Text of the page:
Case BriefsHigh Courts

Allahabad High Court: The Division Bench of Prakash Kesarwani and Dr Yogendra Kumar Srivastava, JJ., reiterated the settled position that in normal course it is not open for a person to seek to prevent a rival from exercising the right to carry on business.

Petitioner had a retail outlet dealership of MS/HSD, awarded by the Bharat Petroleum Corporation Limited. The instant petition was filed to seeking to raise a grievance with regard to issuance of a ‘Letter of Intent’ and Addendum to LOI whereunder it was proposed to offer the respondent 6 a retail outlet dealership of Bharat Petroleum Corporation Limited pursuant to an advertisement issued for the purpose.

Question as to whether a competitor in business could seek to prevent a rival party from exercising its right to carry on business came up for consideration in Nagar Rice and Flour Mills v. N.T. Gowda, (1970) 1 SCC 575.

In the above-cited case, it was held that a competitor in business cannot seek to prevent a rival from exercising its right to carry on business.

Analysis, Law and Decision

Bench reiterated the position that in normal course it would not be open to a competitor in business to seek to prevent a rival from exercising a right to carry on business.

Competition in a trade or business may be subject to restrictions as are permissible and as may be imposed by a law enacted in the interests of the general public. However, independent of any such restriction, a person cannot claim that no other person shall carry on business or trade so as to adversely affect his trade or business.

Adding to the above, bench while parting with its’ decision expressed that where the claim of the petitioner was solely to prevent a rival from exercising a right to carry on business, he would not have the locus standi to maintain a writ petition as the same would essentially be aimed at eliminating healthy competition in business.

In light of the above discussion, petition was dismissed. [Prince Filling Station v. Union Government of India, 2020 SCC OnLine All 1562, decided on 17-12-2020]


Advocates for the parties:

Counsel for the petitioner: Awadhesh Kumar Singh, Abhai Kumar Singh

Counsel for the respondent: A.S.G.I., Anand Tiwari, Anand Tiwari, C.S.C., Vikas Budhwar

High Courts

Punjab and Haryana High Court: While deciding the question that whether the differential eligibility criteria of being a graduate for obtaining allotment for LPG dealership is arbitrary under Article 19(1)(g) of the Constitution, the Court held that the notification bearing the requisite eligibility criteria is not arbitrary as the intelligible differentia here are the gradations dependent on educational qualifications and the object sought to be achieved is to empower section of people who are educated and who would also fulfill certain other norms relating to property holding identifying property for locating the business.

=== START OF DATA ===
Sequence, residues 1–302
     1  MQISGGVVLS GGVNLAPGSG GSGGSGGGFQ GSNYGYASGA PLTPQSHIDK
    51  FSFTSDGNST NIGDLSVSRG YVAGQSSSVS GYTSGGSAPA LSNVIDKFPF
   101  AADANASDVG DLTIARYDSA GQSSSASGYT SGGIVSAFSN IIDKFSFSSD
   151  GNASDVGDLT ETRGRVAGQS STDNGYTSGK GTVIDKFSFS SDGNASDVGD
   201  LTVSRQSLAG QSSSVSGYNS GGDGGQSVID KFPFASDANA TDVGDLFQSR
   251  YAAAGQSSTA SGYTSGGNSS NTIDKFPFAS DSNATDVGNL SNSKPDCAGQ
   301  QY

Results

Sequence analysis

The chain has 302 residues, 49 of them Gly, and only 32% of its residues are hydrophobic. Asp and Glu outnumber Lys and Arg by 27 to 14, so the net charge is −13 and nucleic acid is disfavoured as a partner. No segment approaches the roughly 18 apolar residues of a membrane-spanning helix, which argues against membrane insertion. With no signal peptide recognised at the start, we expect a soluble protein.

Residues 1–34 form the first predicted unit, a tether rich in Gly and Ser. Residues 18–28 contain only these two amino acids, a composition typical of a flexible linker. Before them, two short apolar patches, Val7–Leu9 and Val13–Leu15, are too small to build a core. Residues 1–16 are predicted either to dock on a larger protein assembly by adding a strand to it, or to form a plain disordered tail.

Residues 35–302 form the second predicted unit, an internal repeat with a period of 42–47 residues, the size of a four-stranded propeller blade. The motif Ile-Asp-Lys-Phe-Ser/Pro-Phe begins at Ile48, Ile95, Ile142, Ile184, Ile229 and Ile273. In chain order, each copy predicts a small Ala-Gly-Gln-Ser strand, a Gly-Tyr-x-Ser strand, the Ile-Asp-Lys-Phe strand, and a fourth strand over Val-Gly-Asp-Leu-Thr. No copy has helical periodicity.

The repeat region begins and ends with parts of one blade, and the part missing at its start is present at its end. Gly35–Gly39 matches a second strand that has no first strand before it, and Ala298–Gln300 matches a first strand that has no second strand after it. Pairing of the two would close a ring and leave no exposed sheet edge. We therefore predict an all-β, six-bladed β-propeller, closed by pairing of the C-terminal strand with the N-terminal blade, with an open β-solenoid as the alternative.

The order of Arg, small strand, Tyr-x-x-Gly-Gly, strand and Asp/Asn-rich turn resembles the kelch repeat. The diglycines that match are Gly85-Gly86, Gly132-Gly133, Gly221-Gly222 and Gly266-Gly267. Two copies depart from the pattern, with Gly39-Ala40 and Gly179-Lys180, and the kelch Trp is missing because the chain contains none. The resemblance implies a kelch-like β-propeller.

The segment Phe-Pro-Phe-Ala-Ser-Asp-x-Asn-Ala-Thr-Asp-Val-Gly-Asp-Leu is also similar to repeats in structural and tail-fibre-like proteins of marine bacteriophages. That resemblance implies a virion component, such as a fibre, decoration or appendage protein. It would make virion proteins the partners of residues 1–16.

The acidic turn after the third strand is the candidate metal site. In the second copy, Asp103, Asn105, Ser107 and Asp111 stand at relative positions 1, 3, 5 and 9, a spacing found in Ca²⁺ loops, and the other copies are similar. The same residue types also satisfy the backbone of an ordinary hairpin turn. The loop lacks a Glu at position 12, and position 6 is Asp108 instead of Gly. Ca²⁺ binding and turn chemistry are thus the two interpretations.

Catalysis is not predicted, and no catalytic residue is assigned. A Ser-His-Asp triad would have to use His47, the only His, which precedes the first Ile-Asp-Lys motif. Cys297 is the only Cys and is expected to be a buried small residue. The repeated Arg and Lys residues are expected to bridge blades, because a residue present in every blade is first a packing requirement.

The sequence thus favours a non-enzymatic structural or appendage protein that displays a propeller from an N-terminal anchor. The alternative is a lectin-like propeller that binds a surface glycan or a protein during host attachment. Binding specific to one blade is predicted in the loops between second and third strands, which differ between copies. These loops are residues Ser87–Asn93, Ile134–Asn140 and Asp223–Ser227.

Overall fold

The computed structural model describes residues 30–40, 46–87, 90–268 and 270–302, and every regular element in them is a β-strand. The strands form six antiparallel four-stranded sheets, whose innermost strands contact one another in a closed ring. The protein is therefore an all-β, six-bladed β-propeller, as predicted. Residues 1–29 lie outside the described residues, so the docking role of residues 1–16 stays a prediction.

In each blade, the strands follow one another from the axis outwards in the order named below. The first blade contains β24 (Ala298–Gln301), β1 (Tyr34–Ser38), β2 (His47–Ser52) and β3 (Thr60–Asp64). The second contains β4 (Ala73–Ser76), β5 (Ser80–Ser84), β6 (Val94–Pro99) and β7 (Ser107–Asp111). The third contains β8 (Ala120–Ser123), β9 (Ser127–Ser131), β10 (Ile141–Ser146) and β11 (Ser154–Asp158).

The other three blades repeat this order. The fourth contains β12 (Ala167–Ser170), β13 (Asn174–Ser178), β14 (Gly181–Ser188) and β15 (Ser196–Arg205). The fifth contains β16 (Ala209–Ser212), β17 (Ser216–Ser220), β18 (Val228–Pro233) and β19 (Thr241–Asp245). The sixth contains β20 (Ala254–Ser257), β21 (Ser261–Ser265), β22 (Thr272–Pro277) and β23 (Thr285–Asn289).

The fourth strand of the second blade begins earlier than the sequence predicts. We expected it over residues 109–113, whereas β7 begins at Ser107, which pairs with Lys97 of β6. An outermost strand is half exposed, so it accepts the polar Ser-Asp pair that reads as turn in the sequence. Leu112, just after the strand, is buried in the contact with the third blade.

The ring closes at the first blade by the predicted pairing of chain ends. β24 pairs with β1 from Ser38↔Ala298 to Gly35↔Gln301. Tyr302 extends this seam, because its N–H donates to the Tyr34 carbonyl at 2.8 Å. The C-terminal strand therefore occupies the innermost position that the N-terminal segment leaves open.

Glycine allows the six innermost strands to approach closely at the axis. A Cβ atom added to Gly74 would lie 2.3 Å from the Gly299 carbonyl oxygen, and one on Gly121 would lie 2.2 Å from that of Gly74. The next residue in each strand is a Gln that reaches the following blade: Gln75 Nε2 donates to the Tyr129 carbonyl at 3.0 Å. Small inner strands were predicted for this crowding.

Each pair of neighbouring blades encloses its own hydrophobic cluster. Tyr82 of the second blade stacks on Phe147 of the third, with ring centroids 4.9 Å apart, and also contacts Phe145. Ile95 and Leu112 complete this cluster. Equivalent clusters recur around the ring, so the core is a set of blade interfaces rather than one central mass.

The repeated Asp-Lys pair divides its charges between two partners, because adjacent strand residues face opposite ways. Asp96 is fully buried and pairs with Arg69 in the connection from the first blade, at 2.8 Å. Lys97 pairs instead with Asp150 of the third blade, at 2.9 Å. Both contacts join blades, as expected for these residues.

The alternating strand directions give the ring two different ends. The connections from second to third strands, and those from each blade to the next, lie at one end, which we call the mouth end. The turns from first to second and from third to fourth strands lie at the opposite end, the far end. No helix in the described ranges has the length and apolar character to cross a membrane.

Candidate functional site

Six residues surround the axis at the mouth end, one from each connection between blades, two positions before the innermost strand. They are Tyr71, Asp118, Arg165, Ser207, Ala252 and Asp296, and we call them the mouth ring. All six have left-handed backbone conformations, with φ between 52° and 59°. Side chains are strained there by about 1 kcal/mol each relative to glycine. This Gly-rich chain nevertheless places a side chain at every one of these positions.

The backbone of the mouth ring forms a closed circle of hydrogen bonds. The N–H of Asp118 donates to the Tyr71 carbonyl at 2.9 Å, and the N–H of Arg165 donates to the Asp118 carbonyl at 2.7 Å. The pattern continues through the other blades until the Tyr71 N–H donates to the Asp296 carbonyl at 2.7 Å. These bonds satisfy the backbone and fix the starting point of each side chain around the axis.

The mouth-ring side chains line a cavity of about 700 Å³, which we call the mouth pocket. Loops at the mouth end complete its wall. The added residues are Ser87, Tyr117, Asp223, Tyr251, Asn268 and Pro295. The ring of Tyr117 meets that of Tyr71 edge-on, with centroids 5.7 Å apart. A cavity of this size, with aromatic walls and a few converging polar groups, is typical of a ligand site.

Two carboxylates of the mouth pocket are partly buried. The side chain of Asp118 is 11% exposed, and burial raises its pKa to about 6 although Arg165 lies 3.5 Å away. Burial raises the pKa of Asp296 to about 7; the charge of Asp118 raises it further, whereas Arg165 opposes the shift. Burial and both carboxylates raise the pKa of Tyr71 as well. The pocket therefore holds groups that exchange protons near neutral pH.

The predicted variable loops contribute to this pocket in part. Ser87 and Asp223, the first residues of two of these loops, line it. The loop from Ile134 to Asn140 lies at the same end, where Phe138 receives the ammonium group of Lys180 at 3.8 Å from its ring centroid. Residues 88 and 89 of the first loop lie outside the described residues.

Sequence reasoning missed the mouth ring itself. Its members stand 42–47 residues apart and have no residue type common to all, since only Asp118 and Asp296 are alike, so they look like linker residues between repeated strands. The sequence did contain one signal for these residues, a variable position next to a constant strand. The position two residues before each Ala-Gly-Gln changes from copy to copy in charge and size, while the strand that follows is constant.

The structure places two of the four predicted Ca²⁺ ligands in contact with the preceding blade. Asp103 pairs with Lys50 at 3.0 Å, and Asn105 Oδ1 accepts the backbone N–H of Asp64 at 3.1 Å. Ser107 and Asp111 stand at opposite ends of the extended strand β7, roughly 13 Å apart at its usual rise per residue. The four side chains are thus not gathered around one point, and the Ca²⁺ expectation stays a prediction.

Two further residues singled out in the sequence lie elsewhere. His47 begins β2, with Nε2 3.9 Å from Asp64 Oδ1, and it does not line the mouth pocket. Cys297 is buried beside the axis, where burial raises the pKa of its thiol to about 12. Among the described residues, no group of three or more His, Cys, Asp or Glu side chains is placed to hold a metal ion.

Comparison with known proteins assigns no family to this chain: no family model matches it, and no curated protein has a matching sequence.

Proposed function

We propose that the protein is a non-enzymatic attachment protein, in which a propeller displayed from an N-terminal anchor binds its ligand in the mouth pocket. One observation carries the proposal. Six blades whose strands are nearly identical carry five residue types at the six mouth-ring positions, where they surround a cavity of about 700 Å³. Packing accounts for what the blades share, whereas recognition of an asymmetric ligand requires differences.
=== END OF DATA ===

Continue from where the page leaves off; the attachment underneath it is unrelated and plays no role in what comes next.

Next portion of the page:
In the instant case the petitioner was aggrieved about the requisite educational qualifications for the purposes of applying for LPG dealership which required the applicant to be a graduate from any universities incorporated by the Centre or State Legislature or recognized under the UGC Act, 1956 etc. whereas the petitioner was a matriculate. The petitioner’s counsel Mr M.S. Sandhu contended that policy existing in 1928 for the dealership purposes allowed a matriculate to get LPG dealership and the eligibility criteria in question that has been introduced in 2013 violates the fundamental right guaranteed under Art. 19 (1)(g) and the reasonable restriction of interest of general public therefore should be imposed by the State, the Indian Oil Corporation has imposed such a restriction of eligibility, without there being any specific law pronounced by the State. Respondents were represented by Mr Brijeshwar Singh.

The Court on perusing the grievance of the petitioner observed that Art. 19 allows the freedom to practice any trade or profession without being restricted, but when it comes to avail a grant of State largesse from the State or its functionary then the reference has to be made under Art. 14. The Court further observed that differential educational criteria for dealership in LPG outlets in urban and rural areas are justified as such criterion does not involve restriction on freedom of profession under Art. 19. Vikas v. Union of India, Civil Writ Petition 28009 of 2013, decided on 17.09.2014

To read the full judgment, refer SCCOnLine